Bitcoin; Let's Just Call It What It Is, A Speculative Investment

Matt Thalman - Contributor - ETFs

An investment, as described by Webster dictionary, can be anything that an investor believes will produce income in the future or be worth more than it is today at some point in the future. Common investments include but are not limited to stocks, bonds, real estate, jewelry, artwork, or antiques.

Speculation, again as described by Webster dictionary, is the assumption of unusual business risk in hopes of obtaining commensurate gain. The dictionary has a definition of speculation specifically for students or kids which is, 'the taking of a big risk in business in hopes of making a big profit.'

The current situation with Bitcoin can best be explained by quoting the Merriam-Webster website when it is explaining speculation.

"Speculation can increase short-term volatility (and thus, risk). It can inflate prices and lead to bubbles, as was the case in the 2005-2006 real estate market in the UniteStates. Speculators who were betting that home prices would continue to increase purchased houses (often using leverage) intending to "flip" them for a profit. This increased the demand for housing, which raised prices further, eventually taking them beyond the "true value" of the real estate in many markets. The frenzied selling that ensued is typical for speculative markets."

Currently, it would be hard for anyone to argue that Bitcoin and other crypto-currencies aren't experiencing speculator behavior based on the above explanation.

The mind-blowing price appreciation of Bitcoin has attracted speculators to it, which has only caused the price to skyrocket even higher. These speculators, for the most part, don’t consider themselves such. Many of the so-called 'investors' in Bitcoin will tell you that it is a currency, which can and is being used as payment for goods and services.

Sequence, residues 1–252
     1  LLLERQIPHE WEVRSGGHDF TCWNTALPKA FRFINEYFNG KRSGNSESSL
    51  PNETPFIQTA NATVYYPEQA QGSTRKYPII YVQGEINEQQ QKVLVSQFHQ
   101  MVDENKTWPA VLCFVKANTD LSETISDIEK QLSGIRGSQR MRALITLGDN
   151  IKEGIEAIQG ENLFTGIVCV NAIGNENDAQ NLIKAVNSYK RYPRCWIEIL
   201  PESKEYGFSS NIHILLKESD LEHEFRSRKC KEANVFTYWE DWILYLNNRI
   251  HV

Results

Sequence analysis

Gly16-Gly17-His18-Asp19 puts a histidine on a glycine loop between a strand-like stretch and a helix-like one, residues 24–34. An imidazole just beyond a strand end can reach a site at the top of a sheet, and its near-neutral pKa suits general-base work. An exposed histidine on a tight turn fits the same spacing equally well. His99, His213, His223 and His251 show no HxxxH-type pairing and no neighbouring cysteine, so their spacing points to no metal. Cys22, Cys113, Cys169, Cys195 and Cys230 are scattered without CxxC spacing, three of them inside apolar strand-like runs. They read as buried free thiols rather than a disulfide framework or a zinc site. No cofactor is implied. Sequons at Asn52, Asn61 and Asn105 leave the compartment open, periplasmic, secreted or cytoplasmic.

While that is true, at the current time, it's just way too volatile to be used as a currency for daily transactions. Bitcoin is so volatile you don’t know how much it's really worth at any given time. Thus you could be way overpaying for an item or way underpaying. Because of this, businesses will not adopt it on a mass scale until its volatility drops, due to their increased risk of losing money on transactions.

Bitcoin's volatility will not likely fall until the bulk of the risk associated with owning Bitcoins no longer exists. But that won't likely happen until governments around the world publicly announce Bitcoin is safe from regulation. That, unfortunately, is unlikely to happen also until the flow of Bitcoins can be traced, which is completely against the allure of using blockchain technology as a currency in the first place.

If governments can't track Bitcoins, they can be used for illegal transactions, and it doesn’t allow government oversight. In the case of China the government can't stop money from flowing out of the country or in other cases, governments can't tax transactions made with Bitcoins.

So why does all of this matter?

Well back to my original point, Bitcoin is nothing more than a speculative investment. Bitcoin has no intrinsic value because it will never be a true currency and it has no other purpose other than being a speculative investment opportunity. Therefore it will eventually collapse when speculators realize there is no value to be found in owning the Bitcoin.

While I don’t know when that will happen, I can tell you how it will happen. The price of Bitcoin will eventually climb to a level that causes new money to no longer continue to flow in, that will cause a selling frenzy, the price of Bitcoin will plummet, and unlike previous Bitcoin crashes, no recovery will ensue.

As I have previously stated; be a Bitcoin pig, not a hog.

Matt Thalman Contributor - ETFs
Follow me on Twitter @mthalman5513